Posted by: x. trapnel | Link to this comment | 07-22-14 2:27 PM
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180: the "mandate"--which is what triggers the parties' obligation to implement the judgment--doesn't issue until either a week after the deadline for a rehearing petition, or after the denial of a petition for rehearing. So nobody has to do anything until then. (And there are possibilities for further delay of the mandate.)


Posted by: potchkeh | Link to this comment | 07-22-14 2:29 PM
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180: Nicholas Bagley on Twitter said "No stay. But the mandate won't issue immediately. In English, that means the judgment doesn't yet have force." Perhaps the lawyers here can elucidate?

181: Could. But by 2017 that might be hard politically.


Posted by: Minivet | Link to this comment | 07-22-14 2:29 PM
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the next Republican president will just get his IRS commissioner to change the rule, correct?

A Republican president is going to unilaterally raise taxes on individuals in (mostly) red states by $36 B with the stroke of a pen? No chance.


Posted by: kermit roosevelt, jr. | Link to this comment | 07-22-14 2:31 PM
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I was under the impression that the "only state-established exchanges receive the subsidy" was an explicit attempt to "encourage" the states to establish exchanges instead of dumping all the work on the Feds because federalism (previously referenced in re "burning with fire"). Maybe it's an urban legend, though.

All of this is because they passed a first draft of the law and couldn't change it in committee because they had lost Teddy Kennedy and no longer had a filibuster-proof majority in the Senate. I don't think that's an urban legend.


Posted by: DaveLMA | Link to this comment | 07-22-14 5:39 PM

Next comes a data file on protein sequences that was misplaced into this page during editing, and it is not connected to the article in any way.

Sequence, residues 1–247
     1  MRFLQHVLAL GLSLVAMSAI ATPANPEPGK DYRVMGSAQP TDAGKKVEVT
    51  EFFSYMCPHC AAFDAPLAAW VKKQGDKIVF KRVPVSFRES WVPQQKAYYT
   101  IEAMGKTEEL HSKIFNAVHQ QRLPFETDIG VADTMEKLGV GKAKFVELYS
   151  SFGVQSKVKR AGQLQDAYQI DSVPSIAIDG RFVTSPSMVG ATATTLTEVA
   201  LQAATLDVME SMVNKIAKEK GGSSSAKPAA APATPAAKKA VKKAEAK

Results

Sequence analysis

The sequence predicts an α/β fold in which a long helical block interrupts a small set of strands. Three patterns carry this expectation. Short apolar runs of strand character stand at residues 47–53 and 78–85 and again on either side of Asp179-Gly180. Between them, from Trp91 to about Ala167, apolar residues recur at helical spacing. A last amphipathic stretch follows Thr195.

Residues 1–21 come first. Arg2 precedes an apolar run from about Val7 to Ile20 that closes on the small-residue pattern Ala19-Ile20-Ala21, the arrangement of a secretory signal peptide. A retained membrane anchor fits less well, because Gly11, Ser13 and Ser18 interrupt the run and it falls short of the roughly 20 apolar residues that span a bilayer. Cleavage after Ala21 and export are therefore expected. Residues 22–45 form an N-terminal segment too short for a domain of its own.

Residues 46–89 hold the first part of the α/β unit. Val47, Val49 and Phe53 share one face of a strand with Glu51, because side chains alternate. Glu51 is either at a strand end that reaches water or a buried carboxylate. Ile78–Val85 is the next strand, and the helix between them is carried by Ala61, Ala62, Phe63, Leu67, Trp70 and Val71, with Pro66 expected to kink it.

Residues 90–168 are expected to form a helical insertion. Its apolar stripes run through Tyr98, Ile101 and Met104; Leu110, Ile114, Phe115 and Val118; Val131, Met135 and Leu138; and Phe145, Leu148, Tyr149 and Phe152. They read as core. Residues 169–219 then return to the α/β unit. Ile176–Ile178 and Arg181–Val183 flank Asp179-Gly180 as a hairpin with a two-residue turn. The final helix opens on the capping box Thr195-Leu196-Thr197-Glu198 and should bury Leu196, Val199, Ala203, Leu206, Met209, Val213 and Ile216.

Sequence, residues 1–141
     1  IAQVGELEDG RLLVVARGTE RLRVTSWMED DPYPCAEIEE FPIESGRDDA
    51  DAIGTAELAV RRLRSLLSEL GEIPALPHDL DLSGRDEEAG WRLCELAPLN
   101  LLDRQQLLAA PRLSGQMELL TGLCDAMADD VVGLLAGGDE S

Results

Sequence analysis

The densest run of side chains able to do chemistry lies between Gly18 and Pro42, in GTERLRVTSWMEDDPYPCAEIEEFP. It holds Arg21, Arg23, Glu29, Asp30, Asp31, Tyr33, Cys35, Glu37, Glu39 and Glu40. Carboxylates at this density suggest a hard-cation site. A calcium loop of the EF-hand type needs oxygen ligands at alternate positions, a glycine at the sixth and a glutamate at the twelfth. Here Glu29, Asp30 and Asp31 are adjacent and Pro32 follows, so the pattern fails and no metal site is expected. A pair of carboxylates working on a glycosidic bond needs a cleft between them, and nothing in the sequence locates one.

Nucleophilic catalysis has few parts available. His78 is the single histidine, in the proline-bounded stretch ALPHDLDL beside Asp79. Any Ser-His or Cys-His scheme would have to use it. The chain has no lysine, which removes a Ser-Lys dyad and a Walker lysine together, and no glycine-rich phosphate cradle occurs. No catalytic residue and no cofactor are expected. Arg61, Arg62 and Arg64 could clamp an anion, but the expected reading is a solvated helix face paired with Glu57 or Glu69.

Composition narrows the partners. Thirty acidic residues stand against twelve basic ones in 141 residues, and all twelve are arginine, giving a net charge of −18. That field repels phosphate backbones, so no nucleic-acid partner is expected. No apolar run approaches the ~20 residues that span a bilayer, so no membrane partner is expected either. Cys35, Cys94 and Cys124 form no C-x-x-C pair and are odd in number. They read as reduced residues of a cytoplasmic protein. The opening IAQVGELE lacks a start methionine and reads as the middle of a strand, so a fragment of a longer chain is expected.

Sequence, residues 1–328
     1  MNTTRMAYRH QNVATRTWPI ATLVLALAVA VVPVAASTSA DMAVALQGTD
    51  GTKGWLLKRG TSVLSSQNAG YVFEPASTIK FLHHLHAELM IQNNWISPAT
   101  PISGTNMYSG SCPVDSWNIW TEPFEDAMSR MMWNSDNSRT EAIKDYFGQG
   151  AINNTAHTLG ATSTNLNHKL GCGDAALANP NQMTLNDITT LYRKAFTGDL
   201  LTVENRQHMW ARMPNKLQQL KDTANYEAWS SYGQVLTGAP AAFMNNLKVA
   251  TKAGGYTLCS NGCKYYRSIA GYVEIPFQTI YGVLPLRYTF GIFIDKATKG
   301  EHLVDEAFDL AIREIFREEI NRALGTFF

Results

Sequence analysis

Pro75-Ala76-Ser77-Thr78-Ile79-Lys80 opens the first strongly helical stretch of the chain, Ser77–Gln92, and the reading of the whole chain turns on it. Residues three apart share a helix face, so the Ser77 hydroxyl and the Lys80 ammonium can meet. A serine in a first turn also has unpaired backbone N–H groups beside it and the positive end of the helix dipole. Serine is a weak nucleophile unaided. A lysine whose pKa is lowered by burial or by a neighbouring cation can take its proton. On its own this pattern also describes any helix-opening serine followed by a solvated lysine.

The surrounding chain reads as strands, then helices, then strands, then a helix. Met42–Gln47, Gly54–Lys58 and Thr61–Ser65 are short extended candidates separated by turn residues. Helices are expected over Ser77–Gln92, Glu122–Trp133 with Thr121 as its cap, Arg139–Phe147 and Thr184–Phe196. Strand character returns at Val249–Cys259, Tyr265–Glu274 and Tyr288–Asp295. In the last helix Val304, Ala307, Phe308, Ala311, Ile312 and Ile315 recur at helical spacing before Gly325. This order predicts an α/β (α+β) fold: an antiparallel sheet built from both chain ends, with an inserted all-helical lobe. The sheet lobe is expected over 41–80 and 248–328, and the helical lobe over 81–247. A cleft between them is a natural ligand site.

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129: There must be some supreme court precedents on what you're supposed to do with obvious drafting errors in laws, right? What do they say?

Kevin Drum has had some interesting posts on this today, including this discussion of what the court(s) are to do with cases of ambiguity in statutes as drafted.

The DC circuit court decided that there really wasn't any serious ambiguity in the law [as written], and therefore no deference was due to the IRS's interpretation that state and federal exchanges were meant to be treated the same. The dissent was scathing about this, since the record pretty clearly showed tons of ambiguity.

There follows some helpful quotation of communication Drum had from a lawyer:

It's long been a fundamental principle in administrative law that an agency's interpretation of a federal statute that they are charged with enforcing is entitled to judicial deference, unless such deference is unreasonable. Conservatives would prefer that courts not defer to the government because #biggovernment. Thus, they want to weaken the deference standard and Halbig gives them basically a two-fer. Or a three-fer since the agency interpreting the statute is the IRS: Take out Obamacare, knock back the deference standard, and punch the IRS. This invariably will help advance the conservatives' legal goals because with a lower deference standard, their eccentric theories (such as on tax issues) have a better chance of surviving.

Sorry to quote at length, but as a non-lawyer, I found this incredibly informative. Drum's friend fears that SCOTUS would rule negatively should they accept the case at all, should it come to that.